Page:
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June 23, 2006updated 19 Aug 2016 10:10am

Understanding Bill Gates’ Long Goodbye

So Bill Gates is to leave Microsoft by June 2008, in a slow, drawn-out exit designed to calm investors' already jangling nerves. So the big question is, after so long at Microsoft's helm, why is Gates leaving now?Gates will end a 33-year reign at

By Jason Stamper Blog

So Bill Gates is to leave Microsoft by June 2008, in a slow, drawn-out exit designed to calm investors’ already jangling nerves. So the big question is, after so long at Microsoft’s helm, why is Gates leaving now?

Gates will end a 33-year reign at Microsoft in 2008 and hand over the software reins to new chief software architect, Ray Ozzie. Announcing the move, Gates said it was because he wants to donate more of his time to his charity, the Bill & Melinda Gates Foundation, though he will remain Microsoft chairman.

Is it genuinely that he wants to spend more time on his philanthropic activities as he claims, or is it because the company has in fact been on the ropes for some time, and Gates has shown himself incapable of matching the inexorable rise of Software as a Service, or SaaS, in general — and Google in particular?

You may remember how we reported in November last year that Gates had sent a memo to his staff saying that the company almost missed the boat on SaaS, and needed to redouble its efforts. But if as chief software architect it wasn’t Gates’ job to spot the trend and make sure Microsoft led it, then whose was it?

In that memo Gates attached a note from Microsoft’s then chief technical officer, Ray Ozzie. Ozzie seemed to be criticizing the company’s failure to spot the coming trend for SaaS when he wrote: “A set of very strong and determined competitors is laser-focused on internet services and service-enabled software.”

The implication was that Microsoft identified areas of opportunity but failed to pursue them. “We should’ve been leaders with all our web properties in harnessing the potential of AJAX,” Ozzie wrote. “We knew search would be important, but through Google’s focus they’ve gained a tremendously strong position.”

He warned that even though it is difficult to predict what will happen “given the hype level”, Google’s broad investments in the internet, “might ultimately grow to substantially challenge our offerings. Office is not yet the source of key web data formats-surely not to the level of PDF. While we’ve led with great capabilities in Messenger & Communicator, it was Skype, not us, who made VoIP broadly popular and created a new category.”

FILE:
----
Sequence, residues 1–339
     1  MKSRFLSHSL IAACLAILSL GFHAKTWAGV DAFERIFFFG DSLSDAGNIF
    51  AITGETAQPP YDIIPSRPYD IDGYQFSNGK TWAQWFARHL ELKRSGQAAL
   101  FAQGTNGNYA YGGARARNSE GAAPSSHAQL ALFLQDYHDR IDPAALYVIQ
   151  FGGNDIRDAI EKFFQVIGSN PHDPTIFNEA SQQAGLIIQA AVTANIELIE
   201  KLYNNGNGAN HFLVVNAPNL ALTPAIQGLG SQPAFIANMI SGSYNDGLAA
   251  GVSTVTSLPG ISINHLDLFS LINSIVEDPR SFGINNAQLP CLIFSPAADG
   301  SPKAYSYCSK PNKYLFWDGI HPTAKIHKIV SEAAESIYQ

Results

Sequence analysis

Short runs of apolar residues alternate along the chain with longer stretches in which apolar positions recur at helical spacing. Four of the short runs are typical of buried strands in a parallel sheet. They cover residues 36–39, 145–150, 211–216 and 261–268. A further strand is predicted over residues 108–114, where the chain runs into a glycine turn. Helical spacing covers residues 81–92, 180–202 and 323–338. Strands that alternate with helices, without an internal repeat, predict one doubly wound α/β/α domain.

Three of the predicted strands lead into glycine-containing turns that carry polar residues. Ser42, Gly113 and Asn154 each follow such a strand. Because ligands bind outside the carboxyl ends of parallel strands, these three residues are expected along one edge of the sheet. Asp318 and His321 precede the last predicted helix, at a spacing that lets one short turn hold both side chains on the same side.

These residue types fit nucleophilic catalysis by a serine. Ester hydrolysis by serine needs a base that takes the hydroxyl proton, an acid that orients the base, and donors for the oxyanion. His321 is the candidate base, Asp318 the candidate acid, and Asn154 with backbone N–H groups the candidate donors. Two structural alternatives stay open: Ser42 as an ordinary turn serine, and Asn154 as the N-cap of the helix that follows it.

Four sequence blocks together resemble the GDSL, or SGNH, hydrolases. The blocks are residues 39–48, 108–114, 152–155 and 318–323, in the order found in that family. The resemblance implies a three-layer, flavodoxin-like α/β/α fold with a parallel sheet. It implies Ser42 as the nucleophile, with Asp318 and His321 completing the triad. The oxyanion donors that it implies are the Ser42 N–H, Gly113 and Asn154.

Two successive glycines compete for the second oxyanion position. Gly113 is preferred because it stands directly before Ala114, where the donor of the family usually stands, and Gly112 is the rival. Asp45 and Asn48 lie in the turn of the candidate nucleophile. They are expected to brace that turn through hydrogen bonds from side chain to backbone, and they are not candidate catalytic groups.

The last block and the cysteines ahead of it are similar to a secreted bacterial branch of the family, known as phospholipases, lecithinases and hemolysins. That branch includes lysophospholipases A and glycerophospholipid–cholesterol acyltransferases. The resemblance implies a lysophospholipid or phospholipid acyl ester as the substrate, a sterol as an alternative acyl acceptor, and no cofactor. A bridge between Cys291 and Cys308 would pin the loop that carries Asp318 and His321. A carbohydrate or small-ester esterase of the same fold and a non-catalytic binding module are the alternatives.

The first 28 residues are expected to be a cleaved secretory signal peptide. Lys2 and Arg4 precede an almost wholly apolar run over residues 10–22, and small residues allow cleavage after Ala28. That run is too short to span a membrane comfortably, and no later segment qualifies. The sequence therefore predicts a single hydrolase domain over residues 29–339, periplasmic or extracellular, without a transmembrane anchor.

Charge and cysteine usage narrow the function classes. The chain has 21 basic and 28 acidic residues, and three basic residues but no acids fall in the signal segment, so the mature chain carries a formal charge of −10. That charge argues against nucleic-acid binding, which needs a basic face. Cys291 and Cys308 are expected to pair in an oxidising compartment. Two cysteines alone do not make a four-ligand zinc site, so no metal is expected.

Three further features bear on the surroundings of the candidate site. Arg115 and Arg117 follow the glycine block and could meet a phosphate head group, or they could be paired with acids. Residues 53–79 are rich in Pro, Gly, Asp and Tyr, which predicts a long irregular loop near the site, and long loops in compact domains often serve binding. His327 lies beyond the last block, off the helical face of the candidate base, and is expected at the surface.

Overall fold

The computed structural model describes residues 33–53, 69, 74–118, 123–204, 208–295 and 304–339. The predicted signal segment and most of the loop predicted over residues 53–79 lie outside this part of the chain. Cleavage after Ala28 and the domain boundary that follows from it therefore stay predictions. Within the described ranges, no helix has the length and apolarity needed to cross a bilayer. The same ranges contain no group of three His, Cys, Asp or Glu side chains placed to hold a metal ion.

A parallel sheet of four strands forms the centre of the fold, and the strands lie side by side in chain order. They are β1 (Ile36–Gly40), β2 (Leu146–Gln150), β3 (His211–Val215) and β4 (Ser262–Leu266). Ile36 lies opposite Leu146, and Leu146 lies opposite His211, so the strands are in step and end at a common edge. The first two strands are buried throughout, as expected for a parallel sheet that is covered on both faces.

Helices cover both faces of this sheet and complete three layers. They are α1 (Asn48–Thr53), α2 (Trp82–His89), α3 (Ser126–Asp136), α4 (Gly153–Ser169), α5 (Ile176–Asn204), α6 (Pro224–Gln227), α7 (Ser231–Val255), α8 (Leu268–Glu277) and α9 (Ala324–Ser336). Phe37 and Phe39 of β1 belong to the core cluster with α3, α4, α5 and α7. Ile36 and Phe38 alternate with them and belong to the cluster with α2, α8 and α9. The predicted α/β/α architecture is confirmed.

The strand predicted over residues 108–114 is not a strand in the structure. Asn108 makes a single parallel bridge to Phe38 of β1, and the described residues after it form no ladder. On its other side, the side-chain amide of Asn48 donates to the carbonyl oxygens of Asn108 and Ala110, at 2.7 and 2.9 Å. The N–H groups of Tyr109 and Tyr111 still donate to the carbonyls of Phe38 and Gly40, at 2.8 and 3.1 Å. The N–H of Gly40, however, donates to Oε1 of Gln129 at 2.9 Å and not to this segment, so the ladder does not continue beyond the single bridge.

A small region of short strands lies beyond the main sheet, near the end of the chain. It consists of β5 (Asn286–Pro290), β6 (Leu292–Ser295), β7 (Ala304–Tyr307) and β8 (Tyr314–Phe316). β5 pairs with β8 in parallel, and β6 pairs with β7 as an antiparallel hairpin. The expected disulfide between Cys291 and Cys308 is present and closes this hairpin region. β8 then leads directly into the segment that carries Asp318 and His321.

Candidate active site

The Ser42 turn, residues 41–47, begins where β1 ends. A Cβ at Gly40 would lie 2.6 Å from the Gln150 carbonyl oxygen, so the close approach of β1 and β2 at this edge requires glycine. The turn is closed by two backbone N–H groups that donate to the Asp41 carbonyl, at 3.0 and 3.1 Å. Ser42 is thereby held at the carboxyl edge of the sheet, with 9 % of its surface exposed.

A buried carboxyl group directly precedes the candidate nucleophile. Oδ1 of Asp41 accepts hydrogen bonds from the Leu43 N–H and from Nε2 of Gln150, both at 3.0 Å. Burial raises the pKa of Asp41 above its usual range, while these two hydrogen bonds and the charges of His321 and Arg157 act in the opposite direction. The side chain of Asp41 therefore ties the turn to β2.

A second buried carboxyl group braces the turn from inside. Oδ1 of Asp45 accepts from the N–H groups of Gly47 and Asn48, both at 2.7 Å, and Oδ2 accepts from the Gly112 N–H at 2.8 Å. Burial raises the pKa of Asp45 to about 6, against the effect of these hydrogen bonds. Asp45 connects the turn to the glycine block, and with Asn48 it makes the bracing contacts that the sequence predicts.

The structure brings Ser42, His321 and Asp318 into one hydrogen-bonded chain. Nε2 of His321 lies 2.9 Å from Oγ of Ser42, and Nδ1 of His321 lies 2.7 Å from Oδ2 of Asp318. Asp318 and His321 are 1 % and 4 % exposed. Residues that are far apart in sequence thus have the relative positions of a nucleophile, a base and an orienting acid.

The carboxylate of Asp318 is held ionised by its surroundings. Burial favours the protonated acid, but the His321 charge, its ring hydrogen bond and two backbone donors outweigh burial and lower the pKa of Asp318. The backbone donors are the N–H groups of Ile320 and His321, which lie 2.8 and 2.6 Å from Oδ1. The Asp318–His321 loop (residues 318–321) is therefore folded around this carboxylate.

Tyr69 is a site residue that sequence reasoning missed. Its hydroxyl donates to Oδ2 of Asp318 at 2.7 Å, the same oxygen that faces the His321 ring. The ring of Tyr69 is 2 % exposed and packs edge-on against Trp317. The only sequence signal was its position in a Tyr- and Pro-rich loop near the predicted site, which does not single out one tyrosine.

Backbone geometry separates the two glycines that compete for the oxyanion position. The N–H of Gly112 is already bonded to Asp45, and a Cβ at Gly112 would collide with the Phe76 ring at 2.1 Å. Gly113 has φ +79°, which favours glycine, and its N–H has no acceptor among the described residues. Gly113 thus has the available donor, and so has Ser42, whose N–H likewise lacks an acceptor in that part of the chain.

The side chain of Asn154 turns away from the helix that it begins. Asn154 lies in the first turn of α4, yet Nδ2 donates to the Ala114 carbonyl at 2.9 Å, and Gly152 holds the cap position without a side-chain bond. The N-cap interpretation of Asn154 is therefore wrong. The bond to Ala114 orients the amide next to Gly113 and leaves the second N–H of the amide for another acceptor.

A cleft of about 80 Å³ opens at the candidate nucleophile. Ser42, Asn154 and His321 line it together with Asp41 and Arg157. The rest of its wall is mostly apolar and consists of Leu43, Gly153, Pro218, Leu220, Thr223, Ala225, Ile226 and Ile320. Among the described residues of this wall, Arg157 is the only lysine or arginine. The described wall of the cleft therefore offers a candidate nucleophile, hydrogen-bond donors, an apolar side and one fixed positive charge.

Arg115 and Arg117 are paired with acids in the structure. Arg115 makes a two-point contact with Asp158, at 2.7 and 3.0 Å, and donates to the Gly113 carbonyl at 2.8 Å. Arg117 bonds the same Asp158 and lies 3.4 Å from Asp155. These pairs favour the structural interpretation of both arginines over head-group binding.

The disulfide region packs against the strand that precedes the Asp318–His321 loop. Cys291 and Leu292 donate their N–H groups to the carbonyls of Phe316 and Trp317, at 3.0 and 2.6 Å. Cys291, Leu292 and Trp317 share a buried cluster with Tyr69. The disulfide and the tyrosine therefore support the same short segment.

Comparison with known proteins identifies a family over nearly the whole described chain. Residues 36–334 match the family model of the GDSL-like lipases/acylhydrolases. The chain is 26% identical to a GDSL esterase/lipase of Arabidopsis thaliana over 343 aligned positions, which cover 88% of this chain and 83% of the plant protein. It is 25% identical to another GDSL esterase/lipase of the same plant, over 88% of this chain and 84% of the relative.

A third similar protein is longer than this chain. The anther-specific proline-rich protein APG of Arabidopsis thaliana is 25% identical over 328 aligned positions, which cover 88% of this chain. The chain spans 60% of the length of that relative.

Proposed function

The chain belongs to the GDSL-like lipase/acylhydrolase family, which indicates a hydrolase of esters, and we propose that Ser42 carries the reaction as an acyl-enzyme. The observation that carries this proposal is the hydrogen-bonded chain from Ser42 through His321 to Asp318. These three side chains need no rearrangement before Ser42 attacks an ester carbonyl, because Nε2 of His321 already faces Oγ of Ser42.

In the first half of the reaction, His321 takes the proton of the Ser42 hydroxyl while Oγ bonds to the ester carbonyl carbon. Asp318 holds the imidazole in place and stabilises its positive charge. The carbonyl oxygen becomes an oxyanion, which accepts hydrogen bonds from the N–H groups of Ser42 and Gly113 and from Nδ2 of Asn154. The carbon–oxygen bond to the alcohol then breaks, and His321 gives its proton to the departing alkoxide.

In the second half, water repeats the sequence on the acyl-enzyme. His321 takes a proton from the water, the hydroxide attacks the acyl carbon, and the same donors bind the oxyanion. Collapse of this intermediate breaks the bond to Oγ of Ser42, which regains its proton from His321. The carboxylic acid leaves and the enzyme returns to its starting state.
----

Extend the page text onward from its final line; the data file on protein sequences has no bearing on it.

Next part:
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While Microsoft has undoubtedly come out with innovative new products in the past few years, even in new markets like gaming and mobile, it accepts that it failed to capitalize on what could turn out to be the most important trend of all — the move from client-server to SaaS.

You’ll remember that Steve Ballmer was at great pains at the start of this month to explain why the company was increasing its R&D spending to $2bn: “We’ve got to make this transition, which our industry is making, from software as a product to software as a service,” he told an analysts’ conference. “If you want to be a leading software company, you’ve got to be a leading software-as-a-service company.”

This transition is “not optional”, Ballmer said, and he conceded that Google has given the company a black eye already. “There was one big opportunity – advertising as a software business – where we weren’t first,” he added.

The penny has dropped — it was just a long time falling.

But the company was wrong-footed not just in search but also in other key software as a service areas too. Look at the success has enjoyed, while Microsoft’s enterprise applications strategy consisted of buying Great Plains and Navision. was founded in 1999, for goodness sake. Where was Gates’ vision then? Only recently has its Dynamics applications business started to have a semblance of cohesion.